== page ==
Bolton charity in court after child loses finger in school door

A Bolton charity has been prosecuted for safety failings after a nine-year-old boy with autism lost a finger when his left hand became trapped in a school door.

The Health and Safety Executive (HSE) took legal action against the Birtenshaw charity after an investigation found the organisation had failed to make sure all of the doors at its new special needs school in Bromley Cross were fitted with finger guards.

Trafford Magistrates’ Court heard today (11 April 2014) that the child, who also has learning difficulties, trapped his hand in the hinge of the door when he went into the ‘quiet room’ during his first few days in the new school building on 11 September 2012. He lost all of his index finger as a result of the incident.

The court was told that the charity, which runs Birtenshaw School on Darwen Road along with several care homes, had identified the need for finger guards during the construction of its new school building.

However, the organisation failed to make sure the guards had been fitted before the new building opened to pupils in September 2012, and several doors were found to have missing guards.

Birtenshaw, of Darwen Road in Bromley Cross, received a conditional discharge and was ordered to pay £898 in prosecution costs after admitting a breach of the Health and Safety at Work etc Act 1974.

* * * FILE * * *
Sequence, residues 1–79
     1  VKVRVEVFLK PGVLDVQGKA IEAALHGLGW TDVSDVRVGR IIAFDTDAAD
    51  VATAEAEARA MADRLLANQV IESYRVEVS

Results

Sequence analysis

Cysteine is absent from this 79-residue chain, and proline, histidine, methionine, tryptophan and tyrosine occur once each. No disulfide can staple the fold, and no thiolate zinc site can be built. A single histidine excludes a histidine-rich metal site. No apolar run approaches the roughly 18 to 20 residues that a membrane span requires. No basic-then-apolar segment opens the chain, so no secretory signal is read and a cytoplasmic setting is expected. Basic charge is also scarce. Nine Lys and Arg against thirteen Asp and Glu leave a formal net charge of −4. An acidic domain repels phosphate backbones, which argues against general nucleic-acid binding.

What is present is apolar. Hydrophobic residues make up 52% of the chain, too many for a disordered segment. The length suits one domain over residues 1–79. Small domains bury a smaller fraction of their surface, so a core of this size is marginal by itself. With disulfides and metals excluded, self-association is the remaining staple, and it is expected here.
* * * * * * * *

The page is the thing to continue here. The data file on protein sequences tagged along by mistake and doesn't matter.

Speaking after the hearing, HSE Inspector David Norton said:

“A nine-year-old boy has suffered an injury that will affect him for the rest of his life because of the failings of the charity which runs the school.

“Birtenshaw knew there was a risk of children’s fingers becoming trapped in doors as the pupils who attend the school have learning and physical disabilities, making them particularly vulnerable.

“It would have been relatively easy to walk around the school to check all of the doors had been fitted with finger guards before pupils moved into the new building, but the charity failed to do this.

“It’s vital that organisations do more than just identify risks and actually make sure measures are in place to tackle any dangers.”

Notes to Editors:

  1. The Health and Safety Executive is Britain’s national regulator for workplace health and safety. It aims to reduce work-related death, injury and ill health. It does so through research, information and advice; promoting training; new or revised regulations and codes of practice; and working with local authority partners by inspection, investigation and enforcement.
  2. Section 3(1) of the Health and Safety at Work etc Act 1974 states: “It shall be the duty of every employer to conduct his undertaking in such a way as to ensure, so far as is reasonably practicable, that persons not in his employment who may be affected thereby are not thereby exposed to risks to their health or safety.”
  3. HSE news releases are available at

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